Jane's Defence Weekly September 8, 2004
US Air Force F-15 Fleet Prepares For Arrival Of F/A-22
By Michael Sirak, JDW Staff Reporter, Washington, DC and Wright-Patterson Air Force Base, Ohio
The US Air Force's (USAF's) F-15C Eagle air superiority fighter is being prepared for a transition to a supporting role over the next decade as its newer cousin, the stealthy F/A-22 Raptor, enters service.
The Eagle, which has been the premier dog-fighting aircraft of the USAF since the 1970s, will continue to play an important role until 2025 and plans are afoot for upgrades to keep it viable, according to the USAF official who oversees the F-15 programme. At the same time, the service acknowledges that the Eagle's dominance has been eroded in the face of new designs such as the Russian-made Su-30 multirole fighter.
"Is the F-15 still able to go out and kick anybody's butt? Yes, it is," said Col Terrence Feehan, director of the F-15 system programme office (SPO) at Wright-Patterson Air Force Base, Ohio. However, the technology and training edge that Eagle pilots have enjoyed has "dramatically diminished", he added.
Enter the F/A-22, which the USAF expects to have available for combat at the end of 2005. It said the Raptor will outclass any adversary's aircraft with its stealth qualities, manoeuvrability, advanced sensors, integrated avionics and ability to maintain supersonic flight. The USAF wants to obtain 381 Raptors, but can currently only afford around 224 of the aircraft.
Col Feehan said the USAF will retain around 200 F-15C/D models and retire its remaining Eagles as the Raptors arrive. The retained Eagles will be upgraded with systems such as the the Joint Helmet Mounted Cueing System. The USAF has already installed the APG-63(v)1 radar on 133 of the 179 Eagles earmarked for it. The radar offers an order of magnitude of maintainability improvements, added Col Feehan.
While the service adjusts the role of the Eagle, it continues to expand the role of its newer 224-aircraft fleet of F-15E Strike Eagles: a two-seat derivative optimised for ground attack. The aircraft will be the first platform to carry the near-precision-guided GBU-39 Small Diameter Bomb, of which it will carry 16. The fleet is also getting new targeting pods and the USAF is considering adding an Active Electronically Scanned Array (AESA) radar.
Despite the advent of the Raptor and its ground-attack capabilities, Col Feehan said the Strike Eagle will remain the USAF's premier deep interdiction, all-weather, day/night multirole fighter until the advent of the Joint Strike Fighter.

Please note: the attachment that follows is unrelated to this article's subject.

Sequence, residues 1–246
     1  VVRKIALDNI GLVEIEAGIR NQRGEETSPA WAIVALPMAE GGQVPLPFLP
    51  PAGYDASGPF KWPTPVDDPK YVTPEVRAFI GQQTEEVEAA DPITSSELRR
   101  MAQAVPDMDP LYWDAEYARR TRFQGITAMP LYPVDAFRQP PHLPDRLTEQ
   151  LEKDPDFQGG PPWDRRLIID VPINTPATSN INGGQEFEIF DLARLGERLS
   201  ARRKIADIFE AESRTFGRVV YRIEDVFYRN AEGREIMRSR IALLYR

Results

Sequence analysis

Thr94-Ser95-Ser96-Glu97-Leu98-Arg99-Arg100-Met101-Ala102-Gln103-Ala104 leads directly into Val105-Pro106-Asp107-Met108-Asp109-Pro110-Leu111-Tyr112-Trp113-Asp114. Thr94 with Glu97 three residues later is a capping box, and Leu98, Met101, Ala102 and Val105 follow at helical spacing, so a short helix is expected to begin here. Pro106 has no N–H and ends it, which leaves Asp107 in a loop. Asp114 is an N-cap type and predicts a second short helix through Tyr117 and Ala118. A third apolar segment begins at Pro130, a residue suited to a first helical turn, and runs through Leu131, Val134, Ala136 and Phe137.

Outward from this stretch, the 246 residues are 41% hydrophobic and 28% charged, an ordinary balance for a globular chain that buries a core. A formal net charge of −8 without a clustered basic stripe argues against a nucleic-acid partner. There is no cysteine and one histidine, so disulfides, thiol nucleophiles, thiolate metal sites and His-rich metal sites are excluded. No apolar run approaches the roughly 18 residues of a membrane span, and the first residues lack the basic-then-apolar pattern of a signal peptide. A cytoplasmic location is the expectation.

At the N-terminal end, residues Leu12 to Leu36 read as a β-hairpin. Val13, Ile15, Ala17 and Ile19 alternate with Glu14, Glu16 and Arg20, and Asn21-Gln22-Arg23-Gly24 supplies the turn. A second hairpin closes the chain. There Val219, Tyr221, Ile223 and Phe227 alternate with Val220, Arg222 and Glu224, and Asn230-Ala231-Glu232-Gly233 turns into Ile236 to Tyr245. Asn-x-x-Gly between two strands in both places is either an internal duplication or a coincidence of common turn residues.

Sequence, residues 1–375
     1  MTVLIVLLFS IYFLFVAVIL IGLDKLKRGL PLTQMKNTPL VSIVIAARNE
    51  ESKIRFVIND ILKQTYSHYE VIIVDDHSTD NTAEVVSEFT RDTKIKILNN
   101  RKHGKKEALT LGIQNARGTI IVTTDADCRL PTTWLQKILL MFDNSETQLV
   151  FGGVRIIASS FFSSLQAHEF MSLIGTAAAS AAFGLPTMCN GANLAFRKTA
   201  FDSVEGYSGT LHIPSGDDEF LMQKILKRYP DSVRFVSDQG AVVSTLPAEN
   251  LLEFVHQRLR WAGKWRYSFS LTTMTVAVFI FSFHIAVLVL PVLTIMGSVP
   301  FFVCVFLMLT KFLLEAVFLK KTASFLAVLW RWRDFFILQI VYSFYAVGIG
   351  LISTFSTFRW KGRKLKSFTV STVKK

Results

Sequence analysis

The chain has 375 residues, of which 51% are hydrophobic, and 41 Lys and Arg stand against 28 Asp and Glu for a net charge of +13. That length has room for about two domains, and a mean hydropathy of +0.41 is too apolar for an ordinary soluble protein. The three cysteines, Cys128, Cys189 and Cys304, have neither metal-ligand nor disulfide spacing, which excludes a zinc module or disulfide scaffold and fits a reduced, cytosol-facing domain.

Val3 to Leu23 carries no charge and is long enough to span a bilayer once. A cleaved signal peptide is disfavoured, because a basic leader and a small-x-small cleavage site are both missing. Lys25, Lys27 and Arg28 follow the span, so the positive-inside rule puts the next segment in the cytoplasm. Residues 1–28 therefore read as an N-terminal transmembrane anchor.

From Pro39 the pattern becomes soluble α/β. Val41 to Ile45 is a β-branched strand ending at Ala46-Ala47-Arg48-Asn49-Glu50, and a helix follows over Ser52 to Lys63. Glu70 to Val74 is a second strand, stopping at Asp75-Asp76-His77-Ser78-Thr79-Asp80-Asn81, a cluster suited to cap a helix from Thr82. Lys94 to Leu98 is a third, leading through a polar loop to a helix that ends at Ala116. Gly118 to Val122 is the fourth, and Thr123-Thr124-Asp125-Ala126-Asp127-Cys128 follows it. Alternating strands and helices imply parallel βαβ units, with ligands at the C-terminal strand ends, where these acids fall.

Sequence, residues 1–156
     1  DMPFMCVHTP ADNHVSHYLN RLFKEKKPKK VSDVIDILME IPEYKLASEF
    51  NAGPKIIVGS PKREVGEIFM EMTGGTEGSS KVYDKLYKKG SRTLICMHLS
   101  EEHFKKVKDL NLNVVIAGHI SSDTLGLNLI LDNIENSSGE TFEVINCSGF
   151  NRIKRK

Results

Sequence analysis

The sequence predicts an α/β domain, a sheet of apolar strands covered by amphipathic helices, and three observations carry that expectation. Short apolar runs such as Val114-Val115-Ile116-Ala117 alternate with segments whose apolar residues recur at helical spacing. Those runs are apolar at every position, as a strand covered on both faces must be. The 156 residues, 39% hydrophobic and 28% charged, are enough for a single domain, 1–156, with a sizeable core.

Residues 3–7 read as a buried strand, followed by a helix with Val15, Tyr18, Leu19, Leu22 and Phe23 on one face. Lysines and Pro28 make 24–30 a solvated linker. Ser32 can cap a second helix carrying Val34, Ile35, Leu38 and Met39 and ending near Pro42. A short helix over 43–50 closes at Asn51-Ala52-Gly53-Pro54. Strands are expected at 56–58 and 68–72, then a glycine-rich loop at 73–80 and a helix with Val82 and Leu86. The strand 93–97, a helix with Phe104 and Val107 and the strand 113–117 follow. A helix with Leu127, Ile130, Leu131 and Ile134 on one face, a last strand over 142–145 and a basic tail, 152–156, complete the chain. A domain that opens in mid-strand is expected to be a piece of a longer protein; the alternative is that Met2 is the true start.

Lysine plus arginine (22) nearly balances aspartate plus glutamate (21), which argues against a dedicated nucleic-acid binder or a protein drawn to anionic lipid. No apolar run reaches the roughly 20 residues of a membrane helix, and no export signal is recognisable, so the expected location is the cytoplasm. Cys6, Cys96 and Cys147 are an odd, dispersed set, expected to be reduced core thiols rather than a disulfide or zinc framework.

While the USAF currently has no plans to buy additional F-15Es, the US Congress may have different ideas. It gave the USAF $110 million for advanced procurement parts for additional F-15Es for Fiscal Year 2005.
Col Feehan said new F-15Es should not be regarded as F/A-22 replacements. "They are totally different animals," he added. "The F-15E is a bomb dropper. The F/A-22 is an air superiority fighter that can also drop bombs on extremely challenging targets. "If people have never had a concern as to why we need an F-15C/D and the F-15E, then they shouldn't be challenged by why we need an F/A-22 and an F-15E," he said. Ordering new F-15E-like aircraft would require a lead time of about three years from start of contract negotiations until the aircraft roll off the assembly line. It would make the most sense economically to buy at least one squadron of new aircraft, perhaps two, said Col Feehan.
Boeing is currently manufacturing 40 F-15Ks for South Korea and Singapore is considering the F-15T variant to fill its next-generation fighter needs.
The USAF F-15 fleet's record in combat is 101.5 enemy kills with zero losses, but the 'Cope India' exercise in February may have tarnished its image of invincibility. During the exercise, F-15Cs were reportedly outclassed by Indian Air Force fighter aircraft, including the Su-30MK, although it should be noted that the F-15s activities were restricted. Nonetheless, senior USAF officials said it served as a wake-up call.
While the USAF has said it intends to give the F-15C the capability to drop GPS-guided munitions, Col Feehan said he has not received instructions to move ahead with the integration.
As with the F-15E, the USAF is considering whether to install an AESA radar on the F-15C. Eighteen Eagles based in Alaska already operate Raytheon's APG-63(v)2 AESA system.